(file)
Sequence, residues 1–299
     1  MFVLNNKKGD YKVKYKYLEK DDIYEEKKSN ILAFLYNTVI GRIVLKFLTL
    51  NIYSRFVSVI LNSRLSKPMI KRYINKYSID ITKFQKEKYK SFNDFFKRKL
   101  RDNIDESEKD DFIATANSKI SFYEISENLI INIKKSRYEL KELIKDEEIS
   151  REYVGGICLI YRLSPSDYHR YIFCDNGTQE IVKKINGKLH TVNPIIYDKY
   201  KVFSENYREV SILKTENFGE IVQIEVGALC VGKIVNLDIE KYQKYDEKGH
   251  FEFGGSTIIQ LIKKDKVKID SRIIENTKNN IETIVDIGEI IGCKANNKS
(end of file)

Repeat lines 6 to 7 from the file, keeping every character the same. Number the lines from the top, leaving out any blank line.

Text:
   201  KVFSENYREV SILKTENFGE IVQIEVGALC VGKIVNLDIE KYQKYDEKGH
   251  FEFGGSTIIQ LIKKDKVKID SRIIENTKNN IETIVDIGEI IGCKANNKS